The Cubs had an interesting draft in 2006. They had the 13th overall pick in the draft (they used it on Tyler Colvin, now with the Rockies). Then, they didn't pick again until the 149th overall pick. They used it on a player who many thought would not even sign; Jeff Samardzija.
Samardzija has had a very interesting sporting career. Recruited out of Valparaiso HS (I can attest to how ridiculous a receiver he was in high school – I attended Crown Point) to play wide receiver, the Irish WR did double duty, converting to a pitcher in college as well as setting many records at Notre Dame. He was a late 1st/early 2nd round football talent, but also had some skill on the mound; though raw, 98 mph heat on a fresh arm is mighty, mighty tempting. The Cubs didn't have any impact players in this draft class and felt they needed to take a gamble, and so they did.
Samardzija was a tough, expensive sign. He made 3 million in 2010 and 3.3 million in 2011. The Cubs commitment to him was expected to pay early dividends… and for a while, it did.
Curiously, he did not do very well in the minors. He never overpowered anyone, putting up very pedestrian peripherals like 5.1 and 4.1 K/9 rates. He was hittable as well, and his minors numbers who give you the impression of a bust. However, it was evident that he had a plus-fastball, if little else. The Cubs would call him up in 2008 after only 230 minor league innings.
The first year, it worked out. Working exclusively from the pen, he dominated his first season. I remember watching him throw 100 mph gas and just being blown away by his raw talent. He walked his fair share (4.9/9), but struck out enough (8.1) and always seemed to work out of jams.
Then, it kind of fell apart. He was sent back down in 09, and didn't impress for a few years. More than a few people thought he would just never throw enough strikes to be a legitimate pitcher. 09 and 10 were basically lost years for Samardzija.
Then, 2011 happened. Thrust back into a bullpen role, Samardzija blossomed into an very dominant reliever. After developing a splitter that would be come a signature strikeout pitch, Jeff was able to strikeout 8.9 per 9 innings and keep his hits down to 6.5 per. He still had a high walk rate, but I and many others were very confident he could be a dominant setup man or closer well into the future.
2012 came with an opportunity to grab a rotation spot for Jeff. A starter by trade, Samardzija asked to be given consideration for a starter's role and he earned one. The only way he'd keep the spot, however, is if he could keep his walks down- something he did very well last year. Samardzija goes into the 2013 season as our de facto ace, a player who is still cost-controlled for 3 years and hopefully a dominant top to the rotation.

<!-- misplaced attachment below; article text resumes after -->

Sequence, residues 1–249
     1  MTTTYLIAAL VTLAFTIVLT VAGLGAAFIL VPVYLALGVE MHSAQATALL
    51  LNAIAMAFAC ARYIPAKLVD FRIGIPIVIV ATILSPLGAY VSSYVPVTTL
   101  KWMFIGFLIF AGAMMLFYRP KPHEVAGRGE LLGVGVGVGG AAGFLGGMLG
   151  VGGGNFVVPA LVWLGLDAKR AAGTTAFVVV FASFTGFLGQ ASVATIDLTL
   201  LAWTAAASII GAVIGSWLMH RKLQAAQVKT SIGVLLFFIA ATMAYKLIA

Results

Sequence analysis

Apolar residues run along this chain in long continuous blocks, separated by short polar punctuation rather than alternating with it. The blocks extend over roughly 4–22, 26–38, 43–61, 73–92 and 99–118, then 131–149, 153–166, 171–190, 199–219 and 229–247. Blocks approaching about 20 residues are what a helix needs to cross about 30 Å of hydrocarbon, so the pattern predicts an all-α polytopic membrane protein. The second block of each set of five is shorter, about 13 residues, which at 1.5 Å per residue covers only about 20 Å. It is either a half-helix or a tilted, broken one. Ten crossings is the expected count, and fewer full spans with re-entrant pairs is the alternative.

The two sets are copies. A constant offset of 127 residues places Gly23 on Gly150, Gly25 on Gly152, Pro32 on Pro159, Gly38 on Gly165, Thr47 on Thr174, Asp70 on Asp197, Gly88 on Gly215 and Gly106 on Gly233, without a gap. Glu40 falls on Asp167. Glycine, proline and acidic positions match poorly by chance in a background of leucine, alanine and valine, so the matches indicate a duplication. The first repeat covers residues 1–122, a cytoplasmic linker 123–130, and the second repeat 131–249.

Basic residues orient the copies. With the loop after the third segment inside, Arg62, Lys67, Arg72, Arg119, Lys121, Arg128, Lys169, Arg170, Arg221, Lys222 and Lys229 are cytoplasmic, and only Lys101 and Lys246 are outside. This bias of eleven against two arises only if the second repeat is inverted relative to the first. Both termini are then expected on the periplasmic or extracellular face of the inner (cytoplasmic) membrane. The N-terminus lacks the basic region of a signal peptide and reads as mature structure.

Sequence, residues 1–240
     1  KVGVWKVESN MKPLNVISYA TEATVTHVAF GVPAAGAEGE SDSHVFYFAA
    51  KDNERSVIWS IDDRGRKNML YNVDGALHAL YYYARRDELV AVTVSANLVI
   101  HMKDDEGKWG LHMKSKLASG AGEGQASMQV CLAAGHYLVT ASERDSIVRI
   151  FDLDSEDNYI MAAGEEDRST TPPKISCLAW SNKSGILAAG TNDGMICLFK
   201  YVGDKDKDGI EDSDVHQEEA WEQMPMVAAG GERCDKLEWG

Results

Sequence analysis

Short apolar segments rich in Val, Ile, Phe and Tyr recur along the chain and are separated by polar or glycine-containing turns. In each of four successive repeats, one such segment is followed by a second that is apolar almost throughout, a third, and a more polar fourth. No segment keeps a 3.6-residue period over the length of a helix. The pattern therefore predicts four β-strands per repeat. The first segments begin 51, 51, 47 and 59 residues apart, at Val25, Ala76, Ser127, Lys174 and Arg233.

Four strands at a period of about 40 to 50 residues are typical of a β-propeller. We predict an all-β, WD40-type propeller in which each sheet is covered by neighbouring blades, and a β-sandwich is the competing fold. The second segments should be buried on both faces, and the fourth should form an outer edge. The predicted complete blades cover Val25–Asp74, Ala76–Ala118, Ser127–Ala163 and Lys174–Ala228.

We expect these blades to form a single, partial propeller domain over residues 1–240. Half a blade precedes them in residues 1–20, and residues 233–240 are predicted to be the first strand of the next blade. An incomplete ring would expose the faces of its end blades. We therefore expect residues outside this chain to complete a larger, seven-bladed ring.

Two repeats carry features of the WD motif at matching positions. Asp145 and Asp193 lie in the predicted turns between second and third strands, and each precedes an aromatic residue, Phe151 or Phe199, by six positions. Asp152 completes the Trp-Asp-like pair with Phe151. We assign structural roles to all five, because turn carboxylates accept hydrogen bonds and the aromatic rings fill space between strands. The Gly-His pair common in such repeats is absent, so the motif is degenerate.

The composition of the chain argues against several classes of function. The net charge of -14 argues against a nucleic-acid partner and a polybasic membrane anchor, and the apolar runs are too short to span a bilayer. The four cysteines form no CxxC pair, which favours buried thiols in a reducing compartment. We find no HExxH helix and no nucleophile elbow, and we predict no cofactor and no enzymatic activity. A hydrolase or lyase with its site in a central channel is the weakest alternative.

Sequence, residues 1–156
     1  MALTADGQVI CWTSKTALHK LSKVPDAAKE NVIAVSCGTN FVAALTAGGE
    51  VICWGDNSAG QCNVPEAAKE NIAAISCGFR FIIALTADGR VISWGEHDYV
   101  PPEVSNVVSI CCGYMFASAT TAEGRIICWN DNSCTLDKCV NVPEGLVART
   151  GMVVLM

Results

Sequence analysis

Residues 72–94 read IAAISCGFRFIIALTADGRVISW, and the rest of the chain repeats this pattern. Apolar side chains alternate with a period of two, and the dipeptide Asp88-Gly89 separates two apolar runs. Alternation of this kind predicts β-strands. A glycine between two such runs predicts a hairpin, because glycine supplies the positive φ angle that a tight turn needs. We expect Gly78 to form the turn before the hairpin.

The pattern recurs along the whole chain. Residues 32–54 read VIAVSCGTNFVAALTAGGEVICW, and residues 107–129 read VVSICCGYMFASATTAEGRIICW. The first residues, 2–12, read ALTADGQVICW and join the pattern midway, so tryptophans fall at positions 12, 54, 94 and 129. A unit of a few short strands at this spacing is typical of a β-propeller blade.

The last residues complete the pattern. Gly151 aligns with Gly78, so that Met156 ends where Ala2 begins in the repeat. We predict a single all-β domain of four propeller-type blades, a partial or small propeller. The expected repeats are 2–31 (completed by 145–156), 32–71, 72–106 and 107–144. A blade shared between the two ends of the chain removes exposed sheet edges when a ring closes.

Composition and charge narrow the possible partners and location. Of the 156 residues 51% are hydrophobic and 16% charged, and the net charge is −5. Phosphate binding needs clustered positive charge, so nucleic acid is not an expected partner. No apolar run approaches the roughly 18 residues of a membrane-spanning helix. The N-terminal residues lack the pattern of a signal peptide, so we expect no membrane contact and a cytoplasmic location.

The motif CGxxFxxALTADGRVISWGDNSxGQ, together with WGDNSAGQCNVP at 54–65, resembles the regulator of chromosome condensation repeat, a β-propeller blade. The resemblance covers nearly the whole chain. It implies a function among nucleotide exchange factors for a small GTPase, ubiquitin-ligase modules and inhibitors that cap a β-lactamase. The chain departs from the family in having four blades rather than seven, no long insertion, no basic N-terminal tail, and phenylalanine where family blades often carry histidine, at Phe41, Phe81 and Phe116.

Samardzija features a 95mph fastball, an 85mph slider, and an 86 mph splitter. He mixes in the occasional cutter and curveball, but for the most part he's a pure flamethrower. His splitter is one of the best single pitches in baseball, and the slider is a legit plus pitch as well. The fastball is playable, but average.
Samardzija induces many swings and misses. His swinging-strike % is 12.1 (league average is 9.1), and the majority of that is inducing swings out of the strike zone (and a much lower percentage of those swings connect against Jeff than average). This is a great sign that he his just dominating guys. He throws slightly less in the zone than the average pitcher, but not enough to be concerning.
Samardzija's 2013 season will be extremely important in determing whether or not 2012 is the new normal, or if he'll go back to walking guys. If he keeps up his the 2012 performance or even improves (Samardzija biggest problem last year was keeping the ball down- if he leaves it up in the zone it's a 450 foot bomb), then he's in-line for a huge extension from the Cubs. If he can't keep the walks down, he'll more likely fit as a closer or 8th inning guy. All in all, Samardzija is a revelation, and I wouldn't have said that just 3 years ago.